I was happy to hear that JEGS is stepping up to do some NASCAR sponsorship. Although they’re primarily known for drag racing, going back to the days of Jeg Coughlin Sr. and his top fuel cars, into the present with Jeg Jr., a Pro Stock Champion, the huge mail order parts firm from Columbus, Ohio is partnering with Kevin Harvick Inc. for a Truck Series race in September.
However, the company’s involvement in oval racing goes waaaay back. Most recently, they’ve sponsored Kenny Wallace, but I can recall the JEGS sponsorship on the side of Don Gregory‘s cars in ASA. Most of that came about because Bud St. Amant, Gary’s father, was the owner and crew chief on that car, and he had been a drag racer along with Jeg Sr. back in the day.
That car was consistently one of the best-prepared, fastest and best-looking on the track. When Mike Miller had an Oldsmobile Cutlass, Bobby Allison called it “the ugliest racecar in America.” But St. Amant’s crew managed to make theirs look pretty good.
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In a conversation last week, somebody mentioned Baer Field Speedway. The track got its name because of its close proximity to the Fort Wayne airport, and I had heard about that before the first time I went there.
That trip came for a hastily-scheduled ASA race on a Sunday in the ’70s, when we had to load up in Milt Harlauf’s motorhome and head north from Louisville after a Saturday night race at the Fairgrounds.
We got pretty close to the track in the wee hours of the morning, pulling up against a gate to get off the road. Everybody settled down to catch a couple hours of shuteye.
About 6:00 a.m., we found out what “close proximity” to the airport really meant.
An airliner took off, shook the motorhome, and everybody was awake all of a sudden.
Our technical inspector at the time, Jim Carnforth, looked over at me and said, “Did you hear that?”
Maybe he thought I was deaf from all those years close to racecars before anybody thought about ear protection.
Anyways, I replied: “Hear it? It came in the back window, turned left and went out over my bunk!”
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Traveling to racing in motorhomes with the entire crew was a blast at times.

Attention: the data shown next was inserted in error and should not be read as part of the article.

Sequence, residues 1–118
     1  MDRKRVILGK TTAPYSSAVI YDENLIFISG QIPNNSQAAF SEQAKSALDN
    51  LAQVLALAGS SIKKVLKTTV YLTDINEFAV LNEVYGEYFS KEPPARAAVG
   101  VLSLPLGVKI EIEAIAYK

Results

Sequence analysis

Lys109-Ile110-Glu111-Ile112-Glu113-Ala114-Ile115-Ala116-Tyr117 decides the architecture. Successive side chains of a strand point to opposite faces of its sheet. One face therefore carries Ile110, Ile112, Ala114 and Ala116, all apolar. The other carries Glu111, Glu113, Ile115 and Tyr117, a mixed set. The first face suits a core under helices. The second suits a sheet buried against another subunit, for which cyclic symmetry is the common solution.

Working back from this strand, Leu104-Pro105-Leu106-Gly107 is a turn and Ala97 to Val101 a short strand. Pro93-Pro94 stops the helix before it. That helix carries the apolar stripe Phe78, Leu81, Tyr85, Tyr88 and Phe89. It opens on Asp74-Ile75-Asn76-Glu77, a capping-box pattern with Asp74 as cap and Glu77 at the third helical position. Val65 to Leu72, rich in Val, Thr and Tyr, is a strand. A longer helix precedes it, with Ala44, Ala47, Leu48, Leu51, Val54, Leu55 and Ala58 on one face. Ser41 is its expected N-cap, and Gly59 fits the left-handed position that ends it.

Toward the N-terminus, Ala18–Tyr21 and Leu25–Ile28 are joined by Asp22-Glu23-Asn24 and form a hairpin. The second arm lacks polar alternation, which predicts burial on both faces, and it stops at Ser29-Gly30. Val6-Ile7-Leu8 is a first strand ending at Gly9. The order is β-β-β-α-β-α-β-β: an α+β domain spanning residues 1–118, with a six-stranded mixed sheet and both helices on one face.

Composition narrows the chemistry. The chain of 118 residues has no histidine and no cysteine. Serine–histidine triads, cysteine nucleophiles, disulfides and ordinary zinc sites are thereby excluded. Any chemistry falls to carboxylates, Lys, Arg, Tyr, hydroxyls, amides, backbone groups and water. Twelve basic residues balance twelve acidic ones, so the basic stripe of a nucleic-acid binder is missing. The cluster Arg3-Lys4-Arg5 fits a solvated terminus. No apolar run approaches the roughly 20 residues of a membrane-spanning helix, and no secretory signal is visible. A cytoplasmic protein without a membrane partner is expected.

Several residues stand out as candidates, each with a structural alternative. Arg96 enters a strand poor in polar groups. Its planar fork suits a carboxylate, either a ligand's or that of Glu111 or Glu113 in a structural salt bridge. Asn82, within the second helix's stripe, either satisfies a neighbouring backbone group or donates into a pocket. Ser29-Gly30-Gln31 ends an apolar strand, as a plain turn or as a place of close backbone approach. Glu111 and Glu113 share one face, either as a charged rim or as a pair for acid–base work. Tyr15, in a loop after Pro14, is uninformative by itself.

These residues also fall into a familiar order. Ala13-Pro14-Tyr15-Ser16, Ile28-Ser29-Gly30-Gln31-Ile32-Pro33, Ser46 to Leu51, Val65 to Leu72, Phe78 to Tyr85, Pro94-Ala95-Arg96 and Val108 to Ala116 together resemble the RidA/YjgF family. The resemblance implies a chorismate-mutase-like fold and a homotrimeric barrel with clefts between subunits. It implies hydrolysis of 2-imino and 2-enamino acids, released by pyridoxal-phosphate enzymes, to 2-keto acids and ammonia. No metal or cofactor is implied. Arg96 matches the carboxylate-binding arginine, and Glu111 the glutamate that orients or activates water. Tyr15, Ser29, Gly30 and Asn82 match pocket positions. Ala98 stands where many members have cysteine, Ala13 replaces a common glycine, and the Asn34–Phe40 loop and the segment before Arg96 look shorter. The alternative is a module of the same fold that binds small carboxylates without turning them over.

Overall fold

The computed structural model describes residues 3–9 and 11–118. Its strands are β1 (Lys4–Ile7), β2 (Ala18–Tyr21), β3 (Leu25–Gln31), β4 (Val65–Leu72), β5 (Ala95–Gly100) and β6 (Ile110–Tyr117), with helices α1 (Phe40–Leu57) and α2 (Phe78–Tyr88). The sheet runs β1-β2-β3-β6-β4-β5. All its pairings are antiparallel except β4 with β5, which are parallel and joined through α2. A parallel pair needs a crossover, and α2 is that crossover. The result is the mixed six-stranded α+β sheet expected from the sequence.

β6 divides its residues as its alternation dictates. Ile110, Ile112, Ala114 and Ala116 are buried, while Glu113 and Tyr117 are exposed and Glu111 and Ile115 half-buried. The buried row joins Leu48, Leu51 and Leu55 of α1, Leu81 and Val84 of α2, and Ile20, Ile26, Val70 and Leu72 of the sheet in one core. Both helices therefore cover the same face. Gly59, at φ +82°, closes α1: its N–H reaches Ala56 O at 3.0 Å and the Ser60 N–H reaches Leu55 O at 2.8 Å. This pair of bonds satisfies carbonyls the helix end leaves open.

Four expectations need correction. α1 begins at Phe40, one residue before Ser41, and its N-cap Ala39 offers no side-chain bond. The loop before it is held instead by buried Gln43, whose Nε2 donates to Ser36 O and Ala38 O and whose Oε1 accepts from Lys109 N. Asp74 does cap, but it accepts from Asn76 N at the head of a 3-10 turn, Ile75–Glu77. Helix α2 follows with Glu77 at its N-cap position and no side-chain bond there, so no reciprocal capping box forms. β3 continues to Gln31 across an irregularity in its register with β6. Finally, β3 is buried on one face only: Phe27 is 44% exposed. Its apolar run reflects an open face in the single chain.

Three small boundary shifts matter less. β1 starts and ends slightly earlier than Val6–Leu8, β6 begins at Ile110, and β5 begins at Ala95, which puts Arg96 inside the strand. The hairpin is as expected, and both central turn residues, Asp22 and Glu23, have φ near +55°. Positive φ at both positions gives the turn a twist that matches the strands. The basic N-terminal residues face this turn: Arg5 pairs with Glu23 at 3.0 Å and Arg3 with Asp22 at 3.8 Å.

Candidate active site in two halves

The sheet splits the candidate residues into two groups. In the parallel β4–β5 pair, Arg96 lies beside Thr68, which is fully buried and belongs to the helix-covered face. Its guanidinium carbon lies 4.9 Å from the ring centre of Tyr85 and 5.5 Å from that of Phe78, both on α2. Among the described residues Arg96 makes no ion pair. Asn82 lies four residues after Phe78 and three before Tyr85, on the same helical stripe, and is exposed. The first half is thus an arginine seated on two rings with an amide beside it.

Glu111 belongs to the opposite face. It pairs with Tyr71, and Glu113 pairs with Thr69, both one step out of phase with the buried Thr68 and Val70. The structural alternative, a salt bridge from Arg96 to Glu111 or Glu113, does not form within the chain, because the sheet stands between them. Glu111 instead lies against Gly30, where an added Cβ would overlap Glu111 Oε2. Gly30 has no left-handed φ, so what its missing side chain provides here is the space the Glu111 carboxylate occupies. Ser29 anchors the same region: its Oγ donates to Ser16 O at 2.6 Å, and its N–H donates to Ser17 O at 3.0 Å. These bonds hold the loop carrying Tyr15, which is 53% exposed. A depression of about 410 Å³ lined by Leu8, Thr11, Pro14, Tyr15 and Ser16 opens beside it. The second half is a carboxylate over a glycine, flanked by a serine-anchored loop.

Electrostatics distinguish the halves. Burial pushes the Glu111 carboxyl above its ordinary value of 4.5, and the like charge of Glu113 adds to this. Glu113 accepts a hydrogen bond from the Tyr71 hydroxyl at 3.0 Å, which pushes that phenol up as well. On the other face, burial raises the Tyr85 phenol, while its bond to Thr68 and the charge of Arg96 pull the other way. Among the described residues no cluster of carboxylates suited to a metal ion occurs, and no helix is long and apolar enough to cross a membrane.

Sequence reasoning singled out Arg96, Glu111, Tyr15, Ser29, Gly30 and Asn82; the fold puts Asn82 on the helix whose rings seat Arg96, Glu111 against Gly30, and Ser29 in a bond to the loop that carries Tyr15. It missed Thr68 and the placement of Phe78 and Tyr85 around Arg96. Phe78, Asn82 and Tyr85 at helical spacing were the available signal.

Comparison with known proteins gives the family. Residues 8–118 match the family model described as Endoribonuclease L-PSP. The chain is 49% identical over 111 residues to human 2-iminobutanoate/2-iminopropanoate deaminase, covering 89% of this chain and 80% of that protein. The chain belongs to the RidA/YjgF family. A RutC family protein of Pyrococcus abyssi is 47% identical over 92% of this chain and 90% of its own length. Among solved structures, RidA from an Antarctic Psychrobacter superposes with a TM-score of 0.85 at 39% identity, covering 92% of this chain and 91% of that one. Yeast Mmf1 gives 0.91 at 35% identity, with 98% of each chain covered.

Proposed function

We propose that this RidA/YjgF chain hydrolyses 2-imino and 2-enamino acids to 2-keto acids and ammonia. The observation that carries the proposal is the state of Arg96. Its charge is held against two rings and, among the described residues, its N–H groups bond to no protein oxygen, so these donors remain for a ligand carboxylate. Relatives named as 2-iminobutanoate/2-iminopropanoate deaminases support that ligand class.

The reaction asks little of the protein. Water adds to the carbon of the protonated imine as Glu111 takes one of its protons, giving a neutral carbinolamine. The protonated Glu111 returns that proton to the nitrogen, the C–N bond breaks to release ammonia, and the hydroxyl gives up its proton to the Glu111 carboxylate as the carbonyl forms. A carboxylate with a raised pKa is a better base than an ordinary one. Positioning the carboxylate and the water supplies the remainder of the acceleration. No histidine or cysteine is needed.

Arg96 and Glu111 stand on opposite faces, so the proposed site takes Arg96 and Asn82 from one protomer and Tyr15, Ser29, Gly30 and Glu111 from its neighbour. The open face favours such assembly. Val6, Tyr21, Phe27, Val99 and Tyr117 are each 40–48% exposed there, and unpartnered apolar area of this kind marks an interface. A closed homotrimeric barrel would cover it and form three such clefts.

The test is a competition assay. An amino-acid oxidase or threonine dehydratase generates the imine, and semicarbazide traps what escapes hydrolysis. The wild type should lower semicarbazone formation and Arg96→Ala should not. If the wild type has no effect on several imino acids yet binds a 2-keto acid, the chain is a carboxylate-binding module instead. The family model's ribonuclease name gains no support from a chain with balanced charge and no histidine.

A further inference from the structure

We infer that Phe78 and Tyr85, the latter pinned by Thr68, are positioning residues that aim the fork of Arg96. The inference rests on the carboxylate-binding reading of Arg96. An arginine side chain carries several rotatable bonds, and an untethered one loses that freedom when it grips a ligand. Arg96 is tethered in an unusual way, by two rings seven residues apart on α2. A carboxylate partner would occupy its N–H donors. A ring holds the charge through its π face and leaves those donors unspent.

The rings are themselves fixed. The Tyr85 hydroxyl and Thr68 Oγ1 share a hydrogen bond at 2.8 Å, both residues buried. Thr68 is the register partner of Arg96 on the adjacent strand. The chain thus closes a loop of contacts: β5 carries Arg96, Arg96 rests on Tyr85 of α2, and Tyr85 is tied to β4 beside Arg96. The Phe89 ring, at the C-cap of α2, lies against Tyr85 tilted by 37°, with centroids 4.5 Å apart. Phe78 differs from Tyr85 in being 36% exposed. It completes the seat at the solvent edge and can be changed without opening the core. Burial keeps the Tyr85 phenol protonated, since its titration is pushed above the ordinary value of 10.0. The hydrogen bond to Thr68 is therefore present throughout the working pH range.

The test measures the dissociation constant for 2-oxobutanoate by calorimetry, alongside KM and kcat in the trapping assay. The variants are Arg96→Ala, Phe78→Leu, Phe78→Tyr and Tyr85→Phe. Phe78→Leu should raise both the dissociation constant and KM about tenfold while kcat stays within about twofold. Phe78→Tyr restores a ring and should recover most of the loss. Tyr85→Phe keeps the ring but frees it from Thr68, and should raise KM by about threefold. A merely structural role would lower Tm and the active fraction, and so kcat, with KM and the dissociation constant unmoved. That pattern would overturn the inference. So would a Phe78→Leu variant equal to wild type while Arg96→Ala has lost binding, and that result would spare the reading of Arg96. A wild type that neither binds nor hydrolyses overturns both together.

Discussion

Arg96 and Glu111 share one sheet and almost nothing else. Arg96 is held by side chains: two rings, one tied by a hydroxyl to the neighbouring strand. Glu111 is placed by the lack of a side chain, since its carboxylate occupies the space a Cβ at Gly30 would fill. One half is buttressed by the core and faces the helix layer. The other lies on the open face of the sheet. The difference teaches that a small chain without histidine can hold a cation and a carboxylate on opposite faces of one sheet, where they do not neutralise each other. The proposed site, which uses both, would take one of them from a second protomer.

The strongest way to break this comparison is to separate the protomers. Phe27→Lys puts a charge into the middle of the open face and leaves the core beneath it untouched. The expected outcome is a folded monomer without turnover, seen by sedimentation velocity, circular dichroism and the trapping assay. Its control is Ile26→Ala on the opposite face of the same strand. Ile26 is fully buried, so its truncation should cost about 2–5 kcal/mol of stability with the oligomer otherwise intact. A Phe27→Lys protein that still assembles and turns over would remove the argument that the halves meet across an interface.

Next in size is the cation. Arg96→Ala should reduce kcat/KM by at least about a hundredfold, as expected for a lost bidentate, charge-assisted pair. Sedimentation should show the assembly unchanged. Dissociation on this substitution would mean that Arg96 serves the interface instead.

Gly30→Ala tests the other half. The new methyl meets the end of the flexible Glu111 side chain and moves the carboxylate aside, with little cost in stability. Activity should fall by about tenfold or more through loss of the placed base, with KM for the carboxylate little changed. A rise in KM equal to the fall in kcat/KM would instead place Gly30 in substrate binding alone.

When we went to I-70 Speedway at Odessa, Mo., just east of Kansas City about six times one year, we were taking turns with the driving. I had to be at the newspaper for work about 8 a.m. on Monday, so I suggested I drive all the way out, allowing me to sleep nearly all the way back on Sunday night.
Everybody was OK with that, and I actually enjoyed driving.
Except for once going around St. Louis on the 270 bypass. We were in the Flagship provided by Champion Motor Homes (naturally, the official motorhome of ASA), and the guys had gotten the TV set to work. They were watching the Cardinals play, and all of a sudden somebody yells, “Turn left, Potts, we’re losing the picture.”
A little instruction on how to turn the extendable TV antenna cured that problem.
Then Rex Robbins and Milt got a little concerned about an hour later when we got back on I-70 and I had gotten into a convoy of trucks. Milt looked over my shoulder and swore, pointing out I was doing 90 mph. He wanted me to slow down.
I asked him how I could do that with trucks on both sides and behind me.
With a little help from the CB, we did get backed off to about 70.
On the way back that same trip, Milt woke me up with the rig stopped just west of Terre Haute and asked if I could drive the rest of the way. He said we had a new record going.
I took over, and we got to the Holiday Inn on the southside of Indianapolis, our usual “terminal,” then checked the time. Seven hours and 15 minutes for a 455-mile trip.
That equated to 62.76 mph.
Maybe it doesn’t sound too awfully quick until you factor in one fuel stop around Columbia.
And this was in the days of the 55-mph speed limit!
Those days are behind me. You know you’re getting old when you stop considering speed limits a challenge.
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